Many enjoyable summer activities can be dangerous for our furry friends, largely because of the intense heat.
To keep our pets safe, here are some things to watch out for.
●Heatstroke or heat stress. Leaving your pet outside or in the car for too long can lead to heatstroke or heat stress. Tara Lynn, communications manager at the SPCA of Wake County, North Carolina, said the temperature inside a car can get to the point of extreme danger in less than 15 minutes.
Veterinarian Page Wages said dogs will pant and not be able to stop, which they usually would after eight or so minutes. “Cats will breathe with their mouth open, which is not good. They just basically can’t cool off. They’ll be unsettled or they’ll pace a lot. Bulldogs and dogs with flat faces, smaller dogs or the ones that are really, really, really active, like a young Lab, are more prone to” heat-related illnesses, she said.
Lynn recommends making sure your pets always have access to plenty of cool, fresh water.
● Hot pavement or hot sand. Hot pavement or hot sand can burn the pads of your pets’ feet, which is very painful. “A good general rule is if you put the back of your hand down on the sidewalk or the street and leave it there for about five seconds, if it’s too hot for you, it’s definitely going to be too hot for them,” Lynn said.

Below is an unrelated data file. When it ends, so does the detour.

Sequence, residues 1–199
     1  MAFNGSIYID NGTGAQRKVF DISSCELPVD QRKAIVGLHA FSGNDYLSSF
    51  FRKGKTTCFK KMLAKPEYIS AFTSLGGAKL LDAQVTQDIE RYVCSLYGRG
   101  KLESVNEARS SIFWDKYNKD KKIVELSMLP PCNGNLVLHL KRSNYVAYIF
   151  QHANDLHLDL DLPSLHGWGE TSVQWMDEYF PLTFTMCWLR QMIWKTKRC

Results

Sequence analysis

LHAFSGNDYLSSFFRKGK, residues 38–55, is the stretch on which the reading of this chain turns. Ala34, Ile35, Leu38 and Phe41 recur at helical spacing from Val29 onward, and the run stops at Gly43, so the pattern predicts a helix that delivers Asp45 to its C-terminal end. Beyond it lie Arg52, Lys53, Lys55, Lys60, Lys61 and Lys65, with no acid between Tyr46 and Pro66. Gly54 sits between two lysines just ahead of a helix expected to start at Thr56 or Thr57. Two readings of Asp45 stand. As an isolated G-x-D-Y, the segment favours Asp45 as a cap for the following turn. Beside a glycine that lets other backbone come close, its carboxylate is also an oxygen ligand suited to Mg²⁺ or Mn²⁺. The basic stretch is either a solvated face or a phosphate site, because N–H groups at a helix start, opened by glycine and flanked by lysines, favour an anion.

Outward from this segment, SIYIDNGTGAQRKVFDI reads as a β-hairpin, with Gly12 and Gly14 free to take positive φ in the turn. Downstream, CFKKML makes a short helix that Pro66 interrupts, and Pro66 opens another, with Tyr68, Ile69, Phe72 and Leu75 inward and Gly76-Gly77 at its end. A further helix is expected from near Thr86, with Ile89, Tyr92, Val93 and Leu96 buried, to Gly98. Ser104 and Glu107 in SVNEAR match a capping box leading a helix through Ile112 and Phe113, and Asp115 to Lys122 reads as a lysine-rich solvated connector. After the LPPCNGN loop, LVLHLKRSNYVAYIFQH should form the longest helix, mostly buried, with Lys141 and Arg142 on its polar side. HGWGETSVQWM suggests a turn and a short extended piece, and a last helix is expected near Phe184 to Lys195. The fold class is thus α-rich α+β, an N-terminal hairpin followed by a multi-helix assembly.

●Sunburn. “Some pets, particularly dogs that have particularly thin hair or some dogs who don’t have much hair at all on their bellies, they can potentially get sunburned. So talking to your vet about some safe options for sunscreen is important,” Lynn said. Wages said Neutrogena kids’ sunscreen is safe to use on dogs.
●Burns from grills. “I think one of the main [dangers] is a hot grill, and dogs smelling whatever’s cooking on the grill and getting really close to the grill,” Lynn said. “Depending on what kind of grill, if they get under it, they run the risk of being burned or hot grease dropping on them and burning them,” Lynn said.
●Certain foods and plants. Raisins, grapes, garlic, onions and chocolate are toxic to dogs, and lilies are toxic to cats. Lynn pointed out that raw meat can upset the stomachs of pets that aren’t accustomed to such a diet. So keep a close eye on what they eat.
●Ear infections. Ear infections are more common in summer, when dogs are swimming more. Cleaning their ears routinely will help prevent them from getting an infection, Wages said.
●Drowning. While most dogs know how to swim, it might be a good idea to put a life jacket on your dog, Wages said, especially if it’s older or has an injury.
“Labs and breeds that are always in the water are fine, unless they’re going to be swimming for a while, in which case I’d put a life jacket on them. If you’re out on a boat in the ocean, I would put a life jacket on them, because if something happens to the boat and the boat goes over, the dog’s going to get tired of swimming,” she said.
— The News & Observer (Raleigh, N.C.)